More than half a century after its composition The Empty Space is certainly valuable to students of 20th-century theater history, but also, I think, to anyone still concerned to generate and appreciate living performances in stage environments.

The Three Dangerous Magi

Hermetic Library fellow T Polyphilus reviews The Three Dangerous Magi, The: Osho, Gurdjieff, Crowley by P T Mistlberger:

P T Mistlberger's The Three Dangerous Magi


The Three Dangerous Magi exceeded my expectations. As it was subtitled “Osho, Gurdjieff, Crowley,” I expected a book that would discuss the notion of a dangerous magus, and then provide an account of each of the three men named in order to demonstrate the phenomenon in the 20th century. The actual structure of this text is a lot more complex (some might accuse it of lacking focus), and I’ll describe it below.

Author Mistlberger is a therapist and workshop facilitator who has studied and practiced the teachings of all three of his titular magi. Of the three, his earliest but loosest connection seems to be to Crowley. As a reader, that was fine with me. I expected to be relatively critical of his treatment of Crowley, but I was interested in learning about the other two. The book is big — a 700-page doorstop — and it took me a while to get around to reading it after I picked it up.

The book is addressed to a popular audience, rather than a scholarly one, to the point where I sometimes found it a bit condescending. (Was it really necessary to define “neologism” for the reader?) Still, the prose is accessible, and it’s clear that the author has done his homework. There are three bibliographies in the end matter: an annotated listing of the main doctrinal texts produced by the magi themselves, followed by a catalog of relevant biographies with extensive commentary, and finally a general bibliography of works referenced. There are extensive endnotes, but alas, no index.

After an introduction in which he establishes his credentials and characterizes his interest in the material, Mistlberger jumps right into short biographies, one per chapter, for each of his three figures. Then he provides another triad of chapters to summarize the teachings of each of these three roguish spiritual leaders. I found these summaries pleasantly concise and accurate to my current understanding. The third and longest section of the book is called “Commentaries,” and it consists of nine thematically-oriented comparative studies of all three men, on such topics as sex, drugs, rivalry, community, and legacy. A further section provides a chapter for each magus describing the practical work they prescribed. And the last three chapters fade out towards the end matter (there’s no bracing conclusion) with discussions of cultural precedents for the three teachers’ work. There are a few appendices that supply more restricted and tangential comparative essays: Crowley-Osho parallels, Crowley and chess, Gurdjieff and Zecharia Sitchin, and Osho’s bibliomania.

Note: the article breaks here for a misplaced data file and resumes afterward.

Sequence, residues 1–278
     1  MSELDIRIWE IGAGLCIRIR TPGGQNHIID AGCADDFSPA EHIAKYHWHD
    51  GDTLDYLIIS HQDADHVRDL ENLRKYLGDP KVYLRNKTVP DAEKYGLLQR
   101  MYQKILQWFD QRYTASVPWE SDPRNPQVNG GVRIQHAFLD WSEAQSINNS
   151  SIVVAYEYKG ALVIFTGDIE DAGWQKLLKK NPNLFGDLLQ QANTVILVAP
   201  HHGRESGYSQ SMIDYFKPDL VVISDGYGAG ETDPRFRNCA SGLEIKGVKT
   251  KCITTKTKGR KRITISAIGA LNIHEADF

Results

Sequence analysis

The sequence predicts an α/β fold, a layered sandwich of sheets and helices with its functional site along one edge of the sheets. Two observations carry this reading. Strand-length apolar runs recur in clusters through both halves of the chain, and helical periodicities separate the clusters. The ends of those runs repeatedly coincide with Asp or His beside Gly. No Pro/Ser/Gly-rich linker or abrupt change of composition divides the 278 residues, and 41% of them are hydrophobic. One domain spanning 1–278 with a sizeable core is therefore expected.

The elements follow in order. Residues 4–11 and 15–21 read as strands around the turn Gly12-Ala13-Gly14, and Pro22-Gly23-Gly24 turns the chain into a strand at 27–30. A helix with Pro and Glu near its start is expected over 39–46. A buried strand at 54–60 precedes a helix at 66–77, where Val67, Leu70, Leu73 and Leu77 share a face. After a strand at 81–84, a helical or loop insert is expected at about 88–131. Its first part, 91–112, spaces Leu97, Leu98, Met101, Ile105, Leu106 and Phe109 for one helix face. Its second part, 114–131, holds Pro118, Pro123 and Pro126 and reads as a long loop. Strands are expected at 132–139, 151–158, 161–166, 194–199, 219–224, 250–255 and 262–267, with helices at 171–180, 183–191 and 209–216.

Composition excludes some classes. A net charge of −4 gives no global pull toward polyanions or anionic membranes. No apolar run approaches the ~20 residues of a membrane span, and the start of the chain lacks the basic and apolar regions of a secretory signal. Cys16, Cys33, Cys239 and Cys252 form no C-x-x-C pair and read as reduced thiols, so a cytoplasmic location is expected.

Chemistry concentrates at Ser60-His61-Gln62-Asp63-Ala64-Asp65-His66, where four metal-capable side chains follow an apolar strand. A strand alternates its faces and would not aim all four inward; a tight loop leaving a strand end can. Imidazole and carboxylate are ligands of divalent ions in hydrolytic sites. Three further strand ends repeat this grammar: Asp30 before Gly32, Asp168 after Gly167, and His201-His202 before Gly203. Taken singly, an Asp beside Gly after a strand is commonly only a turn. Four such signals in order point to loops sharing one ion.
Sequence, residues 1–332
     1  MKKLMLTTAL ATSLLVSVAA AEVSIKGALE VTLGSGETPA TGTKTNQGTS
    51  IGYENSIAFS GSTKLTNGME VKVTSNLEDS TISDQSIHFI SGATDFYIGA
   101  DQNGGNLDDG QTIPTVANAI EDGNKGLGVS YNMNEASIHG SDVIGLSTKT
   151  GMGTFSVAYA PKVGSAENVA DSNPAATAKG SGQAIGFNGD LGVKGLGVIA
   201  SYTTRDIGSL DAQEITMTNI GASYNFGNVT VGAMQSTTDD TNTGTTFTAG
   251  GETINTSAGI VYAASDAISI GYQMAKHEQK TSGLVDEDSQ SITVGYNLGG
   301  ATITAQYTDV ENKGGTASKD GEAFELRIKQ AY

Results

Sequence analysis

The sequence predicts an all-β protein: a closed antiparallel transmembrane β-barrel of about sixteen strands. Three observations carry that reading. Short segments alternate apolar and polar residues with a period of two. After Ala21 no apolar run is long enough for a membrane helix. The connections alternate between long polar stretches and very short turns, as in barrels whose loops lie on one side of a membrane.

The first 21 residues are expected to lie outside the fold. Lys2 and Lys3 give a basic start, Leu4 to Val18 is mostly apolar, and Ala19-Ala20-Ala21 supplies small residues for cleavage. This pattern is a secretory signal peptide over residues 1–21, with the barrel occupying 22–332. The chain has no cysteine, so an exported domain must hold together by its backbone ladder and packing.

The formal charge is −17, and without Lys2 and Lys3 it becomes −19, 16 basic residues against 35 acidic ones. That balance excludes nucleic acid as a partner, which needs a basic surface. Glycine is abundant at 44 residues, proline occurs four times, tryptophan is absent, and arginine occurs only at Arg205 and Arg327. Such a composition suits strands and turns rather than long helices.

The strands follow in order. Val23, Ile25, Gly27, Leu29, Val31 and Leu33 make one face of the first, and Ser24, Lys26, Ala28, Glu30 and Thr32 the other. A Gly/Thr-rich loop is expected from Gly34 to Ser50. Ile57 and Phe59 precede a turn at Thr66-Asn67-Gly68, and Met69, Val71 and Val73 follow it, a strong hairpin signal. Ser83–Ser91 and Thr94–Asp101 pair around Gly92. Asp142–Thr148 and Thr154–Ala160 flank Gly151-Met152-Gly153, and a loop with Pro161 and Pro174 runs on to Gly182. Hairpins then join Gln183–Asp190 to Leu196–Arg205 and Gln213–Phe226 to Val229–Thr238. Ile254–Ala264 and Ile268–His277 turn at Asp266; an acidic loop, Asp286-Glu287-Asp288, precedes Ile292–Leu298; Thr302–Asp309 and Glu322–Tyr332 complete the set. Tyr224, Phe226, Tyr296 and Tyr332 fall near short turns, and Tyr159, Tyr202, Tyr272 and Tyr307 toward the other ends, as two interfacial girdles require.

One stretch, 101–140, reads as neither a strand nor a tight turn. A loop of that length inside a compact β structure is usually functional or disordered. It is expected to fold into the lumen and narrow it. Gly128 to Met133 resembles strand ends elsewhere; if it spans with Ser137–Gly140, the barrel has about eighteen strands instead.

While the comparative treatments were more ample and detailed than I had anticipated, my own knowledge of Crowley’s work enabled me to draw many connections that Mistlberger overlooked, especially in the “historical influences” section. The chapter on “Magical Warfare” includes a thorough and critical account of the personal interactions between Crowley and Gurdjieff, which I found quite interesting and useful.

Throughout the book, Mistlberger takes care not to minimize the faults and failings of these “dangerous” men, but his general gist is clearly sympathetic. His overall project is to popularize and rehabilitate these obscure and/or notorious figures, and he does credible work in that vein. As I got a better sense of how these three magi (and Mistlberger cops to the biblical allusion on p. 449) interrelated in the author’s mind, I couldn’t help but imagine Osho as a spiritual phallus for whom Crowley and Gurdjieff were the testes! [via]



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Reviewer sounds bitter and maybe needs some love

Reviewer sounds bitter and maybe needs some love at “Aleister Crowley: The Biography Review“.

“It is the belief of Tobias Churton that a perverse ‘hatred of bourgeois attitudes’ is what motivated Aleister Crowley until the very end of his days.

I’m not so sure. Crowley liked his creature comforts and his zany posturing would fit in well with upper-class dilettante life. Crowley lived off family money for as long as he could and, when the inheritance expired, tried to raise funds by suing everyone for defamation of character. Such were his delusions of grandeur one of Crowley’s aliases was Count Vladimir Svareff and, after graduating from Cambridge, he bought a castle near Loch Ness. There was also a villa in Sicily where Crowley presided over his orgies like a Victorian patriarch.”

And, check out the masthead for the Express, for a bit of synchronistic symbolism:

If you’re interested in biographies of Aleister Crowley, you may want to check out Aleister Crowley: The Biography: Spiritual Revolutionary, Romantic Explorer, Occult Master and Spy by Tobias Churton.